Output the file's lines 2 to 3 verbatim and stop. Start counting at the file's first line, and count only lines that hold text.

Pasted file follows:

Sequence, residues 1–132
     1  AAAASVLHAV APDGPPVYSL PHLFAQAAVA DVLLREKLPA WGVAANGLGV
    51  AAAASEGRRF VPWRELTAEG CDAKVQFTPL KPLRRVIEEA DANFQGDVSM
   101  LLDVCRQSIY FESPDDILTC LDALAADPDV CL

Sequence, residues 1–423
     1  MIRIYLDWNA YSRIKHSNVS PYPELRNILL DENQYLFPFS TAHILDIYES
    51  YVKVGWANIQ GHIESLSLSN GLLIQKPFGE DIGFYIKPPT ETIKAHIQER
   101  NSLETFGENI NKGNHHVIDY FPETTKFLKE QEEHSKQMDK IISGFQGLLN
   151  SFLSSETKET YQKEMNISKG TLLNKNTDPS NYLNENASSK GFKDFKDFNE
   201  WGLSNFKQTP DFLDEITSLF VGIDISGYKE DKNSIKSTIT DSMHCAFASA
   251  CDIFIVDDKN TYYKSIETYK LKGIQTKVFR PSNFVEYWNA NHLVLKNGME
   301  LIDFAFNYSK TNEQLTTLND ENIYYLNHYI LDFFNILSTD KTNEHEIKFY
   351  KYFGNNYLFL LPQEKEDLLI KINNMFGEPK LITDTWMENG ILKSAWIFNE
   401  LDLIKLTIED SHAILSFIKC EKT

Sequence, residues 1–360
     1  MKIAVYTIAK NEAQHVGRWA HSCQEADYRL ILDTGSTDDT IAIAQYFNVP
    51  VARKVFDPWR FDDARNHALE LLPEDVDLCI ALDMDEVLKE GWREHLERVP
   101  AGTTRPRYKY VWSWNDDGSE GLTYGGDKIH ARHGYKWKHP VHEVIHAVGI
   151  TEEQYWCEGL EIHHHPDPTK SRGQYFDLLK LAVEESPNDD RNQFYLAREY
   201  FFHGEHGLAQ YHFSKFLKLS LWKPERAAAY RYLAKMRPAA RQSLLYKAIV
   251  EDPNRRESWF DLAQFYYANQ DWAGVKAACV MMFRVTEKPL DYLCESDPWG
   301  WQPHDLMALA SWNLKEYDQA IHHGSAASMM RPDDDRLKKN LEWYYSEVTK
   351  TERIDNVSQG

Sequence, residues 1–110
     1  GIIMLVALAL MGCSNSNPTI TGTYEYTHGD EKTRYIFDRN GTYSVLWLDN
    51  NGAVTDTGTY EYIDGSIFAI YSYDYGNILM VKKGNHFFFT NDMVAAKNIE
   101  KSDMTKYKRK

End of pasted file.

     1  AAAASVLHAV APDGPPVYSL PHLFAQAAVA DVLLREKLPA WGVAANGLGV
    51  AAAASEGRRF VPWRELTAEG CDAKVQFTPL KPLRRVIEEA DANFQGDVSM